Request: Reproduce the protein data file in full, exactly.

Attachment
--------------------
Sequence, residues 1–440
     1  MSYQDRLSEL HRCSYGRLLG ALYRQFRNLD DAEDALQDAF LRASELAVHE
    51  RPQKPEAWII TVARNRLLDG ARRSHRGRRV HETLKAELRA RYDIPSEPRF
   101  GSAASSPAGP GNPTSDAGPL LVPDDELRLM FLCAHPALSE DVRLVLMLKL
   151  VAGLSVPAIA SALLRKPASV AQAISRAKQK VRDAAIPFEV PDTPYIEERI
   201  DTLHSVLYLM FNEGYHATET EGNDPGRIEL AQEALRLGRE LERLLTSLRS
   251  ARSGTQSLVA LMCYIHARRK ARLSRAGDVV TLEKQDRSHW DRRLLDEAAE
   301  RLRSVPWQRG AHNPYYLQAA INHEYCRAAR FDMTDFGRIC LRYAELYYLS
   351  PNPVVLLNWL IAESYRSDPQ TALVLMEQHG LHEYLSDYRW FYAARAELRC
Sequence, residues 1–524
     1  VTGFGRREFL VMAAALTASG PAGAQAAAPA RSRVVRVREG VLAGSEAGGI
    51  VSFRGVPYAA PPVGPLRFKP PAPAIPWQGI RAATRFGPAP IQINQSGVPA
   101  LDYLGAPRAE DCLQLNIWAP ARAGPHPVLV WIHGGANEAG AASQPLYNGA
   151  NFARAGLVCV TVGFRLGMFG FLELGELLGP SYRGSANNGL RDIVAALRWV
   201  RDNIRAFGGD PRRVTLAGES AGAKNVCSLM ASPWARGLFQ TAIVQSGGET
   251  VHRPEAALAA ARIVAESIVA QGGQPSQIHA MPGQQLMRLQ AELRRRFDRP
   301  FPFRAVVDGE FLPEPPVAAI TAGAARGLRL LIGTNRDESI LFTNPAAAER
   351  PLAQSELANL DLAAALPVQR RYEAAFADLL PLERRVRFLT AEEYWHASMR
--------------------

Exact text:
Sequence, residues 1–440
     1  MSYQDRLSEL HRCSYGRLLG ALYRQFRNLD DAEDALQDAF LRASELAVHE
    51  RPQKPEAWII TVARNRLLDG ARRSHRGRRV HETLKAELRA RYDIPSEPRF
   101  GSAASSPAGP GNPTSDAGPL LVPDDELRLM FLCAHPALSE DVRLVLMLKL
   151  VAGLSVPAIA SALLRKPASV AQAISRAKQK VRDAAIPFEV PDTPYIEERI
   201  DTLHSVLYLM FNEGYHATET EGNDPGRIEL AQEALRLGRE LERLLTSLRS
   251  ARSGTQSLVA LMCYIHARRK ARLSRAGDVV TLEKQDRSHW DRRLLDEAAE
   301  RLRSVPWQRG AHNPYYLQAA INHEYCRAAR FDMTDFGRIC LRYAELYYLS
   351  PNPVVLLNWL IAESYRSDPQ TALVLMEQHG LHEYLSDYRW FYAARAELRC
Sequence, residues 1–524
     1  VTGFGRREFL VMAAALTASG PAGAQAAAPA RSRVVRVREG VLAGSEAGGI
    51  VSFRGVPYAA PPVGPLRFKP PAPAIPWQGI RAATRFGPAP IQINQSGVPA
   101  LDYLGAPRAE DCLQLNIWAP ARAGPHPVLV WIHGGANEAG AASQPLYNGA
   151  NFARAGLVCV TVGFRLGMFG FLELGELLGP SYRGSANNGL RDIVAALRWV
   201  RDNIRAFGGD PRRVTLAGES AGAKNVCSLM ASPWARGLFQ TAIVQSGGET
   251  VHRPEAALAA ARIVAESIVA QGGQPSQIHA MPGQQLMRLQ AELRRRFDRP
   301  FPFRAVVDGE FLPEPPVAAI TAGAARGLRL LIGTNRDESI LFTNPAAAER
   351  PLAQSELANL DLAAALPVQR RYEAAFADLL PLERRVRFLT AEEYWHASMR